The Keto-Med Study Published in the American Journal of Clinical Nutrition
crossover trial compared the two diets with 3 key similarities (incorporating nonstarchy vegetables and avoiding added sugars and refined grains) and 3 key differences (incorporating compared with avoiding legumes, fruits, and whole, intact grains) for their effects on glucose control and cardiometabolic risk factors in individuals with prediabetes and T2DM.
We recruited 40 participants with Type 2 diabetes or prediabetes for our crossover study. Over a 12 week period half of the participants ate Ketogenic meals while the other half ate Mediterranean meals. For the first 4 weeks of each diet the participants were provided ready-to-eat Ketogenic or Mediterranean meals provided by the food delivery service Methodology after which they were responsible for choosing and preparing their own meals. At the end of the 12 weeks, the participants swapped diets for an additional 12 weeks. This crossover allowed participants to act as their own controls.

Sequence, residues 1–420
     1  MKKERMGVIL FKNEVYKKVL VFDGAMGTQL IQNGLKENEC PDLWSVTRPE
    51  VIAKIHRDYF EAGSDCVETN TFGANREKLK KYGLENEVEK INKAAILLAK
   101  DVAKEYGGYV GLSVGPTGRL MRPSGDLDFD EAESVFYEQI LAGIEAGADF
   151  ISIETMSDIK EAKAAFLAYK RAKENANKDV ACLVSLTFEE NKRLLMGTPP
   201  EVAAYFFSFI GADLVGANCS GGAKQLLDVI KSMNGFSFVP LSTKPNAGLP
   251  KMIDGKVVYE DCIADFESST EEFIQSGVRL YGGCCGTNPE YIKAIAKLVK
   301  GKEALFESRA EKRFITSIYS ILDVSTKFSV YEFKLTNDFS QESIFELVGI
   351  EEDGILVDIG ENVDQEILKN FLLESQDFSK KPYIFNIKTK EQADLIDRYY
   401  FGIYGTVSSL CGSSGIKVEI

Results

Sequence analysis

Both diets received high marks in controlling blood glucose levels and aiding weight loss, but the Ketogenic diet was lower in several nutrients, particularly fiber, and was more difficult for study participants to follow in the long run.
In the end, there was no additional overall health benefits to cutting out legumes, fruits, and whole grains to achieve an ultra-low-carb Ketogenic diet. For people with diabetes or prediabetes, the less restrictive Mediterranean diet from Methodology was similarly effective in controlling glucose and likely more maintainable long term. "Restricting added sugars and refined grains and emphasizing the inclusion of vegetables should be the focus," Gardner said. "There’s no reason to restrict heart-healthy, quality carbohydrate foods above and beyond."
Keto-Med Press Release Notes
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